Myeloid Cell-Restricted Insulin Receptor Deficiency Protects Against Obesity-Induced Inflammation and Systemic Insulin Resistance

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Myeloid Cell-Restricted Insulin Receptor Deficiency Protects Against Obesity-Induced Inflammation and Systemic Insulin Resistance

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Title: Myeloid Cell-Restricted Insulin Receptor Deficiency Protects Against Obesity-Induced Inflammation and Systemic Insulin Resistance
Author: Mauer, Jan; Chaurasia, Bhagirath; Plum, Leona; Quast, Thomas; Hampel, Brigitte; Blüher, Matthias; Kolanus, Waldemar; Brüning, Jens C.; Kahn, C. Ronald

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Citation: Mauer, Jan, Bhagirath Chaurasia, Leona Plum, Thomas Quast, Brigitte Hampel, Matthias Blüher, Waldemar Kolanus, C. Ronald Kahn, and Jens C. Brüning. 2010. Myeloid Cell-Restricted Insulin Receptor Deficiency Protects Against Obesity-Induced Inflammation and Systemic Insulin Resistance. PLoS Genetics 6(5): e1000938.
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Abstract: A major component of obesity-related insulin resistance is the establishment of a chronic inflammatory state with invasion of white adipose tissue by mononuclear cells. This results in the release of pro-inflammatory cytokines, which in turn leads to insulin resistance in target tissues such as skeletal muscle and liver. To determine the role of insulin action in macrophages and monocytes in obesity-associated insulin resistance, we conditionally inactivated the insulin receptor (IR) gene in myeloid lineage cells in mice (IRΔmyel-mice). While these animals exhibit unaltered glucose metabolism on a normal diet, they are protected from the development of obesity-associated insulin resistance upon high fat feeding. Euglycemic, hyperinsulinemic clamp studies demonstrate that this results from decreased basal hepatic glucose production and from increased insulin-stimulated glucose disposal in skeletal muscle. Furthermore, IRΔmyel-mice exhibit decreased concentrations of circulating tumor necrosis factor (TNF) α and thus reduced c-Jun N-terminal kinase (JNK) activity in skeletal muscle upon high fat feeding, reflecting a dramatic reduction of the chronic and systemic low-grade inflammatory state associated with obesity. This is paralleled by a reduced accumulation of macrophages in white adipose tissue due to a pronounced impairment of matrix metalloproteinase (MMP) 9 expression and activity in these cells. These data indicate that insulin action in myeloid cells plays an unexpected, critical role in the regulation of macrophage invasion into white adipose tissue and in the development of obesity-associated insulin resistance.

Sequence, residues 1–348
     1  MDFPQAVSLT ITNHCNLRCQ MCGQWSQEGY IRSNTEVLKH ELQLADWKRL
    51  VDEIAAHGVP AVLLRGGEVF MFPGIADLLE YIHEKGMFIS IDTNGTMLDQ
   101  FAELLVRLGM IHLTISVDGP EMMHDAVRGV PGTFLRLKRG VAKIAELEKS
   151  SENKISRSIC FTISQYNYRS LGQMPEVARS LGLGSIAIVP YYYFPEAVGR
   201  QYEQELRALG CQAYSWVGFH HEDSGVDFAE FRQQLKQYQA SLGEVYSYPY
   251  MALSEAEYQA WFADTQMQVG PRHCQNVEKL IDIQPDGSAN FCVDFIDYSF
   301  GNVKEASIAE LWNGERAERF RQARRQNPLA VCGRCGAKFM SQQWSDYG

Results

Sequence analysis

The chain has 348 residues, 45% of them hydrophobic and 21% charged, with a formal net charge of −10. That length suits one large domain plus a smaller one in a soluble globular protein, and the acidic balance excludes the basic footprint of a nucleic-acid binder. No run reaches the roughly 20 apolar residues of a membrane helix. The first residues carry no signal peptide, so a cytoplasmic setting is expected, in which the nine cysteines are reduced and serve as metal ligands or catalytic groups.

Published Version: doi:10.1371/journal.pgen.1000938
Other Sources: http://www.ncbi.nlm.nih.gov/pmc/articles/PMC2865520/pdf/
Terms of Use: This article is made available under the terms and conditions applicable to Other Posted Material, as set forth at http://nrs.harvard.edu/urn-3:HUL.InstRepos:dash.current.terms-of-use#LAA
Citable link to this page: http://nrs.harvard.edu/urn-3:HUL.InstRepos:4737474

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